Because the hubs and I are a hip, well-connected couple accustomed to burning up the trendiest activities on the social scene…we spend a lot of time on the couch perusing Netflix shows.
Sometimes, we have a tough time deciding what to watch. We don’t always agree on what constitutes good entertainment.
My list: What Not to Wear. Friends. Anything qualifying as “food porn” (i.e. Man Vs. Food, Diners, Dives, and Drive-ins.) Say Yes to the Dress. <hangs head in shame>
(Actually, wait. There was something worse on Netflix for a while. It was one season of this show called Bridalplasty. If you’re wondering if the name alone should have you cringing, the answer is, obviously, yes. It was a mix of Bridezilla, The Bachelor, and Mean Girls. Each week, twelve hopeful brides would compete (for the life of me, I cannot remember the challenges. Stuff like naming the designer of crystal? Pin the boutineer on the groom?) and the winner got a full plastic-surgery makeover AND a dream wedding. If you won that week’s challenge, you got one plastic-surgery procedure and/or a dream wedding item (dress, flowers.) It was a dramatic, hot mess. And the reason I know so much about it is because I watched the entire season. I should be banned from society. I’m clearly not fit to be around children.)
His list: Earth and space science. Military history. Things that blow up. Transformers. Tosh.0.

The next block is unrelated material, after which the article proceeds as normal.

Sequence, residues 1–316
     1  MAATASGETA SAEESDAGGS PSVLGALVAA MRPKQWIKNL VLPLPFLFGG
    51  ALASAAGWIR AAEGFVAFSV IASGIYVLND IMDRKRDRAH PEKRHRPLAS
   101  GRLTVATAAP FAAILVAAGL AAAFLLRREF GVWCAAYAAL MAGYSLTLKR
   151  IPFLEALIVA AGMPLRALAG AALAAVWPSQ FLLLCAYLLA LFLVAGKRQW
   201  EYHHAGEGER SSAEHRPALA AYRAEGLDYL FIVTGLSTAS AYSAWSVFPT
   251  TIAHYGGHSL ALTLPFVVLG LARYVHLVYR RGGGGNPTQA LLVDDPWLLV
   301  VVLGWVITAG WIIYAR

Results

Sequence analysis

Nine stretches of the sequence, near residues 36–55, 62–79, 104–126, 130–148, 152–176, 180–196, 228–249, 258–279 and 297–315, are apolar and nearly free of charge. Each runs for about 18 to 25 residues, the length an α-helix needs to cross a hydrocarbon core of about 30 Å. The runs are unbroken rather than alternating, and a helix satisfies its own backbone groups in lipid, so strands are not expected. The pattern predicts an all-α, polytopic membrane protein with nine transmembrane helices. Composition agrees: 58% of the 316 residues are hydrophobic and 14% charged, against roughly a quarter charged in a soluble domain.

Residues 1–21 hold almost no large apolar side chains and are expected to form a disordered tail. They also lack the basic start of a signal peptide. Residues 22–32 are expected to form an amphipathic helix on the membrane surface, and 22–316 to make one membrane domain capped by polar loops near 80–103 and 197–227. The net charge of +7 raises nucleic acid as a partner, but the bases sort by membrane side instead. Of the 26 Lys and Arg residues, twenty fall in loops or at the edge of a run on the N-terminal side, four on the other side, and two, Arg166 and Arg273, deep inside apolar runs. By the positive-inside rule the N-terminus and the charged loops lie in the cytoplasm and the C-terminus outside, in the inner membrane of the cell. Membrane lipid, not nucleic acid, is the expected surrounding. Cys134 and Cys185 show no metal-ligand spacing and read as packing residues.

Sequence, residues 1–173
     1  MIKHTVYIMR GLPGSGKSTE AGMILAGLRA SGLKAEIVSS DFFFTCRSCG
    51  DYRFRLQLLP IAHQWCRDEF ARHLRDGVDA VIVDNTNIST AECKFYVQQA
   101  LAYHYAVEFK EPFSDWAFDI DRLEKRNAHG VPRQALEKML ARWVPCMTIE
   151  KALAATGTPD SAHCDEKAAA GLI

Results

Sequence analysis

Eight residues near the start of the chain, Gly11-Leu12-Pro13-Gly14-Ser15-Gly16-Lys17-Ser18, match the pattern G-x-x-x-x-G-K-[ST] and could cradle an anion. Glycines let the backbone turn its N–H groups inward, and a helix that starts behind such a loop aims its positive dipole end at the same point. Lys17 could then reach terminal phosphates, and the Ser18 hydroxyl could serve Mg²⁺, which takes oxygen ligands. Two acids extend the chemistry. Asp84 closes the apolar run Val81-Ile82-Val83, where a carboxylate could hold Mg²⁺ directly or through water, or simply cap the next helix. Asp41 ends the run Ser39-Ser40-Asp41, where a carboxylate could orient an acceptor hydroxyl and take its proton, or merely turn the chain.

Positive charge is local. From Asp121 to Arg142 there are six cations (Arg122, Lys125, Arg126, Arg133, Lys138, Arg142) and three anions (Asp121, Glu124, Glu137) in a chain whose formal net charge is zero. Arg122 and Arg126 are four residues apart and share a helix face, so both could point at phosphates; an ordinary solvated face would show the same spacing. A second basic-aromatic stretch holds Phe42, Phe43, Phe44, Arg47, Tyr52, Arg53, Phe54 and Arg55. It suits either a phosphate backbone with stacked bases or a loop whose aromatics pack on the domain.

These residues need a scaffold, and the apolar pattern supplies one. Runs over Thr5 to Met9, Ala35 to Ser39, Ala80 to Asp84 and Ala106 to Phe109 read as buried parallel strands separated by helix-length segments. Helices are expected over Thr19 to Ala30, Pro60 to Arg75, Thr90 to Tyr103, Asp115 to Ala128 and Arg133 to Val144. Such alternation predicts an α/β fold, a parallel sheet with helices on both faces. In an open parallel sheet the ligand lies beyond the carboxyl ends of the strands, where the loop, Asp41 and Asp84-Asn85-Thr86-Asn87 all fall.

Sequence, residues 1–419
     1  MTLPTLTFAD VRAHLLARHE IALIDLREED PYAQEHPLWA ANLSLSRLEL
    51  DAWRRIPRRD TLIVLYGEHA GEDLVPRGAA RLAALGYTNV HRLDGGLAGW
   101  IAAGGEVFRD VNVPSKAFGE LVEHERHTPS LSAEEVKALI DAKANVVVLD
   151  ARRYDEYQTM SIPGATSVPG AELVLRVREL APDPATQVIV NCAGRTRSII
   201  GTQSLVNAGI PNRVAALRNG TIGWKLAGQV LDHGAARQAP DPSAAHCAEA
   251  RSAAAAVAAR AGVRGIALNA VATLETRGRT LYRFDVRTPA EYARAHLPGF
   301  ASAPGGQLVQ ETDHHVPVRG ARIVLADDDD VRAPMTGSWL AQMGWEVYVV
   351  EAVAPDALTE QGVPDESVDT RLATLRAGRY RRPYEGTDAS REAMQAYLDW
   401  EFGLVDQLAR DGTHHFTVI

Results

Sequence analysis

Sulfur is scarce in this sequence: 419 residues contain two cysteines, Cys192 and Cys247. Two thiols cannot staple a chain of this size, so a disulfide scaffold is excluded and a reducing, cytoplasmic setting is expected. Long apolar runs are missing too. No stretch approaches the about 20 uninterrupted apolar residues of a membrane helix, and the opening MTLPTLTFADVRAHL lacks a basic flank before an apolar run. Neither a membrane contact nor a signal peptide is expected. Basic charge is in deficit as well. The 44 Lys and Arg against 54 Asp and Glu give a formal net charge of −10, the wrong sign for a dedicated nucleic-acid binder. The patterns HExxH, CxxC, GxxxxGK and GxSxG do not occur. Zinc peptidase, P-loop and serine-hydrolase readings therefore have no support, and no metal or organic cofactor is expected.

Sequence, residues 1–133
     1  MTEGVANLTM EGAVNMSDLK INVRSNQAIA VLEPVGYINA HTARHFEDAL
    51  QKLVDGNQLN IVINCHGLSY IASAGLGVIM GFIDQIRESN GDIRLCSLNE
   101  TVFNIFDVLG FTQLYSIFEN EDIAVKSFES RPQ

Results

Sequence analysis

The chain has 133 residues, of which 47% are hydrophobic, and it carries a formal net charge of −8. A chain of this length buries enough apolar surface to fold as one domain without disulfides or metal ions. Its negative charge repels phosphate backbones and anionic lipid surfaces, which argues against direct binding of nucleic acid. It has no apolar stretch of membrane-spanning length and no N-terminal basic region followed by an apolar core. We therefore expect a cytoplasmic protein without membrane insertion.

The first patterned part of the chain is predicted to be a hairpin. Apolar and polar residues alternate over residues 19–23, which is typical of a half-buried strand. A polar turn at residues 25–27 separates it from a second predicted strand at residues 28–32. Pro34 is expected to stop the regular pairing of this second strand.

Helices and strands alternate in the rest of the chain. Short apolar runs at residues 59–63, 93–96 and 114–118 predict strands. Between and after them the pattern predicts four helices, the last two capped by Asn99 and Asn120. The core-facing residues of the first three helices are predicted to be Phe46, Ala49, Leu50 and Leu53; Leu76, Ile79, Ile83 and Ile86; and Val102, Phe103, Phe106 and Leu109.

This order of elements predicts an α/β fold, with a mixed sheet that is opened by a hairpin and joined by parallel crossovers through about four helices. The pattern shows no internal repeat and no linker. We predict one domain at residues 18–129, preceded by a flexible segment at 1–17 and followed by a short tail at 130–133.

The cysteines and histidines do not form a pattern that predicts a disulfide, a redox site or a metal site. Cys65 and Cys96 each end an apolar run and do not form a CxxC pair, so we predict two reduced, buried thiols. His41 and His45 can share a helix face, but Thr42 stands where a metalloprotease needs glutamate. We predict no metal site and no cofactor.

So you can see there might be a slight disconnect here….Our “Suggested for Kate” list is slightly disturbing; I think the logarithm just threw its hands in the air, stuck a bunch of random 80s cartoons and reality shows into our feed, and curled up in the fetal position under the futon.
However, Netflix being a rich, untapped oil well of time-suck with a huge variety of subjects, we have been able to find a few things we agree on. We like stories about the supernatural and the afterlife. Documentaries about how things are made will keep our attention (especially if they’re about food, of course!) We enjoyed Weird or What? with William Shatner (who I find awkwardly hilarious) – and right now we’re blasting through a season of Modern Marvels. It’s one of those shows that sounds really, really boring, but once you start watching, you kind of get into it, and you accidentally learn stuff. Plus, they had an episode ABOUT SHOES. SHOES! SHOES AND SCIENCE!
So one of the episodes we watched recently was about wood. Yeah, wood. Like from trees. Which is odd, because wood isn’t exactly modern, is it? But it is sort of a marvel. For example, I marvel at how many leaves one tree can produce. If I were that efficient, I’d be running marathons while programming robots in space to stop tsunamis and redirect the tidal energy into washing my windows. But since I’m not, I’ll just sit here in my cozy recliner and share with you what I learned about wood. (Don’t worry, it’s not totally lame.)
Accidental Thing I Learned (ATIL) #1: Trees are deceptively strong and can hold many times their weight – but only from a certain angle. We already know how trees tend to grow – barring any obstacles, pretty much straight up. And we all learned in elementary school about the rings of a tree – if you count the rings, theoretically you’ll know the tree’s age, since they add a ring of outer growth every year. In other words, trees essentially GROW into columns – it’s what they’re genetically engineered to be.